| This image of the Hubble Ultra-Deep Field is a small part of the deepest infrared image ever taken of the universe. The small blue box outlines the area where astronomers found what may be the most distant galaxy ever seen, 13.2 billion light-years away, meaning its light was emitted just 480 million years after the Big Bang. It is small and very faint and is shown separately in the larger box. The galaxy is shown as blue because it emitted very blue light due to its high rate of star birth, although by the time the light reached Hubble it had been stretched into the infrared by the expansion of space, giving it a redshift value of about 10. Its official name is UDFj-39546284, but astronomers refer to it as the "redshift 10 galaxy candidate."
Credit: NASA, ESA, Garth Illingworth (University of California, Santa Cruz) and Rychard Bouwens (University of California, Santa Cruz and Leiden University) and the HUDF09 Team.
The dim object is a compact galaxy made of blue stars that existed only 480 million years after the Big Bang. It is tiny. Over one hundred such mini galaxies would be needed to make up our Milky Way.
Co-author Ivo Labbe of the Carnegie Observatories puts the findings into context: "We are thrilled to have discovered this galaxy, but we're equally surprised to have found only one. This tells us that the universe was changing very rapidly in early times."
Previous searches had found 47 galaxies at somewhat later times, when the universe was about 650 million years old. The rate of star birth therefore increased by about ten times in the interval from 480 million years to 650 million years. "This is an astonishing increase in such a short period, happening in just 1% of the age of the universe," says Labbe.
"These observations provide us with our best insights yet into the earliest primeval objects yet to be found," adds Rychard Bouwens of the University of Leiden in the Netherlands.
Astronomers don't know exactly when the first stars appeared in the universe, but every step back in time takes them deeper into the early universe's "formative years" when stars and galaxies were just beginning to emerge in the aftermath of the Big Bang.
"We're moving into a regime where there are big changes afoot. And what it tells us is that if we go back another couple hundred million years toward the Big Bang we'll see absolutely dramatic things happening. That will be the time where the first galaxies really are starting to get built up," says Garth Illingworth of the University of California at Santa Cruz.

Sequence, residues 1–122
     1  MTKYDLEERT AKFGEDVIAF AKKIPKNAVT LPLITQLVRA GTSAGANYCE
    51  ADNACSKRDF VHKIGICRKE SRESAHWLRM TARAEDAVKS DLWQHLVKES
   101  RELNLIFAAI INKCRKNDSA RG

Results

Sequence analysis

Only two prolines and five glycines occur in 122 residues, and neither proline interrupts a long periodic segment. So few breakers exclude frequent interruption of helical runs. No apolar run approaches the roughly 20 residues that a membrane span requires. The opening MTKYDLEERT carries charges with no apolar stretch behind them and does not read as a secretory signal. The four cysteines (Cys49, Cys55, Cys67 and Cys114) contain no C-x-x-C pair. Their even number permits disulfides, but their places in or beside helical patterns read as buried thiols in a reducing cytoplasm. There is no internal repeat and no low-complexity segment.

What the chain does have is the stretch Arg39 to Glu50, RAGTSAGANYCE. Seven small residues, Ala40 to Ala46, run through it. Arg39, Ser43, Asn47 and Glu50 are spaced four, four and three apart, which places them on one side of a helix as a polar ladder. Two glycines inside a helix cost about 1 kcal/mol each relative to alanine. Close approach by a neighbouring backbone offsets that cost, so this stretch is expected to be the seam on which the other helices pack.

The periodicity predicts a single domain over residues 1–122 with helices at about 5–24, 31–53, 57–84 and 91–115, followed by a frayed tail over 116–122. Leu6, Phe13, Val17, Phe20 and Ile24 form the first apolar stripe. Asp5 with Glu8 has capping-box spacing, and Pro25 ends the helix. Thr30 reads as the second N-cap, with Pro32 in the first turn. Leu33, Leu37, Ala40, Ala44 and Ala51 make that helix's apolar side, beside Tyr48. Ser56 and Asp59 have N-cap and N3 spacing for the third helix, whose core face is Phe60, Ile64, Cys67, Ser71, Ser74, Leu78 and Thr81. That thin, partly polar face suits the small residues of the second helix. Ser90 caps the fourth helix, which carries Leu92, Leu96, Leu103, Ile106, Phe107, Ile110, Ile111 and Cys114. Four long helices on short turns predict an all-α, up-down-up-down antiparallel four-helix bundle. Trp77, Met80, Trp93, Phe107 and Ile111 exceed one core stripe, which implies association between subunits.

The even more distant proto galaxies will require the infrared vision of NASA's James Webb Space Telescope, which is the successor to Hubble, and next-generation ground-based telescopes, such as the Giant Magellan Telescope. These new facilities, planned for later this decade, will provide confirming spectroscopic measurements of the tremendous distance of the object being reported today.
After over a year of detailed analysis, the galaxy was positively identified in the Hubble Ultra Deep Field - Infrared (HUDF-IR) data taken in the late summer of both 2009 and 2010. These observations were made with the Wide Field Planetary Camera 3 (WFPC3) starting just a few months after it was installed into the Hubble Space Telescope in May of 2009, during the last NASA space shuttle servicing mission to Hubble.
The object appears as a faint dot of starlight in the Hubble exposures. It is too young and too small to have the familiar spiral shape that is characteristic of galaxies in the local universe, such as the Milky Way. Though individual stars can't be resolved by Hubble, the evidence suggests that this is a compact galaxy of hot stars that first started to form over 100 to 200 million years earlier in a pocket of dark matter.
The proto galaxy is only visible at the farthest infrared wavelengths observable by Hubble. This means that the expansion of the universe has stretched its light farther that any other galaxy previously identified in the HUDF-IR, to the very limit of Hubble's capabilities.
Astronomers plumb the depths of the universe by measuring how much the light from an object has been stretched by the expansion of space. This is called redshift value or "z." Before Hubble was launched, astronomers could only see galaxies out to a z approximately 1, corresponding to 6 billion years after the Big Bang. The Hubble Deep Field taken in 1995 leapfrogged to z=4, or roughly 90 percent of the way back to the beginning of time. The new Advanced Camera and the Hubble Ultra Deep Field pushed back the limit to z˜6 after the 2002 servicing mission. Hubble's first infrared camera, the Near Infrared Camera and Multi Object Spectrometer reached out to z=7. The WFC3/IR reached back to z˜8, and now plausibly has penetrated for the first time to z=10 (about 500 million years after the Big Bang). The Webb Space Telescope is expected to leapfrog to z˜15, and possibly beyond. The very first stars may have formed between z of 30 to 15, or 100 to 250 million years post Big Bang.
The hypothesized hierarchical growth of galaxies-from stellar clumps to majestic spirals-didn't become evident until the Hubble Space Telescope deep field exposures. The first 500 million years of the universe's existence, from a z of 1000 to 10 is now the missing chapter in the hierarchical growth of galaxies. It's not clear how the universe assembled structure out of a darkening, cooling fireball of the Big Bang. As with a developing embryo, astronomers know there must have been an early period of rapid changes that would set the initial conditions to make the universe of galaxies that exist today. Astronomers eagerly await the new space and ground-based telescopes to find out!
Source: Carnegie Mellon University